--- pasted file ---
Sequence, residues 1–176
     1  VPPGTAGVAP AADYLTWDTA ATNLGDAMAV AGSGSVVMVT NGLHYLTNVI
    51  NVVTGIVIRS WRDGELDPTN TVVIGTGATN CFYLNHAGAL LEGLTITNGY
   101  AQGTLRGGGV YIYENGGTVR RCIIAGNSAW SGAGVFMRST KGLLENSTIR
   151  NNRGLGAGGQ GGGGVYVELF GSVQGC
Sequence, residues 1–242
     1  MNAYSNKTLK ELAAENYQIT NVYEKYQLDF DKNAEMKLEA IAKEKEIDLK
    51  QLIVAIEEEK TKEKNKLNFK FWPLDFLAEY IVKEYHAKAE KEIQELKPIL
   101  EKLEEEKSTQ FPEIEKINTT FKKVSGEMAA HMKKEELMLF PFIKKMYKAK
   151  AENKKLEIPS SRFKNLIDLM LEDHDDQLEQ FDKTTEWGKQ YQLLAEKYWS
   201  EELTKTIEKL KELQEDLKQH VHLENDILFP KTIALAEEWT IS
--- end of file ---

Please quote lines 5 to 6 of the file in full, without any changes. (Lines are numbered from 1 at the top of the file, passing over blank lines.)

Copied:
   151  NNRGLGAGGQ GGGGVYVELF GSVQGC
Sequence, residues 1–242